@@ -54,13 +55,14 @@ once released releases will be available
 The code can be found in
 [http://svn.apache.org/repos/asf/aries/trunk/spi-fly][2].
 
-To build, use Maven 3.x and run 'mvn install'
+To build, use Maven 3.x and run <tt>mvn install</tt>
+
 #<a id="specconf"/>Configuration: OSGi Spec-compliant#
 All the details surrounding this type of configuration are covered in the 
 [OSGi Enterprise Specification][1] (from version 5) chapter 133. This section provides a
short overview.
 
 ##Providers##
-SPI provider bundles opt in to being processed by specifying a requirement on the 
+SPI provider bundles opt in to being registered by specifying a requirement on the 
 <tt>osgi.serviceloader.registrar</tt> extender. This is done by adding the following
Bundle Manifest header. Without this they will not be considered by SPI Fly:
 
 <tt>&nbsp;&nbsp;Require-Capability: osgi.extender; filter:="(osgi.extender=osgi.serviceloader.registrar)"</tt>
@@ -76,7 +78,7 @@ See the <tt>spi-fly-example-provider2-bu
 
 ##Consumers##
 
-A SPI consumer (i.e. a bundle using the <tt>java.util.ServiceLoader.load()</tt>
API) needs to specify required capabilities
+An SPI consumer (i.e. a bundle using the <tt>java.util.ServiceLoader.load()</tt>
API) needs to specify required capabilities
 in the Required-Capability Manifest header. Two different types of requirements must be specified:
 
   - A requirement on the SPI Fly mechanism. This is stated as follows<br/>
@@ -98,7 +100,8 @@ See the <tt>spi-fly-example-client2-bund
 This section describes how to use SPI Fly's proprietary configuration
 mechanism. It provides more features, but doesn't provide the 
 portability that spec-compliance configuration gives. If you 
-are only using SPI Fly with java.util.ServiceLoader then consider
+are only using SPI Fly with <tt>java.util.ServiceLoader</tt> or you are only
using the provided 
+services through the OSGi Service Registry, then consider
 using the [spec-compliant](#specconf) configuration for portability.
 
 ##Providers##
@@ -114,30 +117,34 @@ directory and register them.
 MySvc2.
 
 Additionally services found in META-INF/services are registered in the OSGi Service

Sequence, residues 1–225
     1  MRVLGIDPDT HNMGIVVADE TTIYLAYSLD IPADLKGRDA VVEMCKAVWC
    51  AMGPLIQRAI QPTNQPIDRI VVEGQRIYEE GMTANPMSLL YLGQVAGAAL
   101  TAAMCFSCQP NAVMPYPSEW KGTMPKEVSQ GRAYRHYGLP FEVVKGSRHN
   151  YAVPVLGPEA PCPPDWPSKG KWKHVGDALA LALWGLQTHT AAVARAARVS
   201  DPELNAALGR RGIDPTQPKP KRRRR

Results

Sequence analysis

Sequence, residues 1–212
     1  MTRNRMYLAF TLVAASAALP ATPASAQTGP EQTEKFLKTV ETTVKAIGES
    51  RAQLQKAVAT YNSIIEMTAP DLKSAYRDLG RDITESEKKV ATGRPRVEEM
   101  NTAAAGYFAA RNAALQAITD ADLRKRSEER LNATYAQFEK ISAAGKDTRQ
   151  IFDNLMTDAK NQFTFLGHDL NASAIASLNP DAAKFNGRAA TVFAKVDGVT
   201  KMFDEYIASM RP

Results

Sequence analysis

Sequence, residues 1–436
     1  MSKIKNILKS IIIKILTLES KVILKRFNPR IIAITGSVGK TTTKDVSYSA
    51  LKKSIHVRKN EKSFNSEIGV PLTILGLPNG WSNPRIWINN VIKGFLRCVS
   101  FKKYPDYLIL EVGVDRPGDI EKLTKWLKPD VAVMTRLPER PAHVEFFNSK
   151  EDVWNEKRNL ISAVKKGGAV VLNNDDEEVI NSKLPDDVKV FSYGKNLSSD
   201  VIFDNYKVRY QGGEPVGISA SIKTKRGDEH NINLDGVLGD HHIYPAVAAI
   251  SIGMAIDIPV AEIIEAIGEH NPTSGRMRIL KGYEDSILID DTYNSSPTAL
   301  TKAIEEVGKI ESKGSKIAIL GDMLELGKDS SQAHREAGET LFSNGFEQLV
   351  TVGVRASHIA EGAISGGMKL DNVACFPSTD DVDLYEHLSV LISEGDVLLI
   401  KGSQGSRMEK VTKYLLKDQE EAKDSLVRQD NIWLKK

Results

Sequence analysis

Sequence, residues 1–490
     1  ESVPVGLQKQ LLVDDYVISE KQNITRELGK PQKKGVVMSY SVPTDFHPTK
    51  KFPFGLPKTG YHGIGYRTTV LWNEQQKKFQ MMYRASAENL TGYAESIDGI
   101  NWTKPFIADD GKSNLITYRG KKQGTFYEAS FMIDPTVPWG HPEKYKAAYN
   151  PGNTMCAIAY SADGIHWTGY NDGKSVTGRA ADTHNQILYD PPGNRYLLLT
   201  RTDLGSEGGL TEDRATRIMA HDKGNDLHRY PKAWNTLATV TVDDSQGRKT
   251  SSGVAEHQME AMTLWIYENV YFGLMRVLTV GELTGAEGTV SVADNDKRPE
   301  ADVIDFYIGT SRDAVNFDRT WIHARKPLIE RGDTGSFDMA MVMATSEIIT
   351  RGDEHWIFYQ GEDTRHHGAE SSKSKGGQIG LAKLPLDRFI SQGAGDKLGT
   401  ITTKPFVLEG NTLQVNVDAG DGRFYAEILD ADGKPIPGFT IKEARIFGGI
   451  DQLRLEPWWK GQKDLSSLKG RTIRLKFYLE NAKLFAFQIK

-Registry. Each service is registered with the *spi.provider.url* service registration
-property.
+Registry. Each service is registered with the *serviceloader.mediator* service registration
+property set.
 
 The <tt>SPI-Provider</tt> header can either be set in the providing bundle itself
or in a wrapper bundle
 that holds the original unmodified jar containing the provider internally as a 
 on the <tt>Bundle-ClassPath</tt>.
 
+See the <tt>spi-fly-example-provider1-bundle</tt> for an example of a provider
using this type of configuration.
+
 ##Consumers##
-Service consumers also need to opt-in to the process. 
+Service consumers also need to opt in to the process. 
 
 To specify a consumer, add the <tt>SPI-Consumer</tt> manifest header to the client
bundle. This header 
 will opt-in the bundle to the weaving process where for the duration of the specified call
-the TCCL will be set to the matching provider bundle(s).
+the TCCL will be set to the matching provider bundle(s). Some example SPI-Consumer headers
are:
 
 * **SPI-Consumer: *** This is a shorthand for 
 <tt>java.util.ServiceLoader#load(java.lang.Class)</tt> and will 
 automatically weave all <tt>ServiceLoader.load(Class)</tt> calls.
-* **java.util.ServiceLoader#load(java.lang.Class[org.apache.aries.mytest.MySPI])**
+* **SPI-Consumer: java.util.ServiceLoader#load(java.lang.Class[org.apache.aries.mytest.MySPI])**
 Only process calls to <tt>ServiceLoader.load(Class)</tt> when it is called with

 <tt>MySPI.class</tt> as argument.
-* **javax.xml.parsers.DocumentBuilderFactory#newInstance()** weave clients that
+* **SPI-Consumer: javax.xml.parsers.DocumentBuilderFactory#newInstance()** weave clients
that
 call <tt>DocumentBuilderFactory.newInstance()</tt>. 
-* **org.foo.Foo#someMthd(),org.bar.Bar#myMethod()** weave calls to <tt>Foo.someMthd()</tt>
and 
-<tt>Bar.myMethod()</tt>. 
+* **SPI-Consumer: org.foo.Foo#someMthd(),org.bar.Bar#myMethod()** weave calls to <tt>Foo.someMthd()</tt>
and 
+<tt>Bar.myMethod()</tt>.
+
+See the <tt>spi-fly-example-client1-bundle/target</tt> for an example of a consumer
using this type of configuration. 
 
 ###Special Cases###
 SPI Fly can be used for most SPI provider/lookup systems that use the TCCL pattern to obtain
@@ -163,14 +170,14 @@ in SPI Fly (yet), but the AudioSystem.ge
 
 #Usage#
 There are currently two ways to use the SPI Fly component. If you have an OSGi 
-4.3 compliant framework that supports WeavingHooks you can use the dynamic weaving approach.

+4.3 (or higher) compliant framework that supports WeavingHooks you can use the dynamic weaving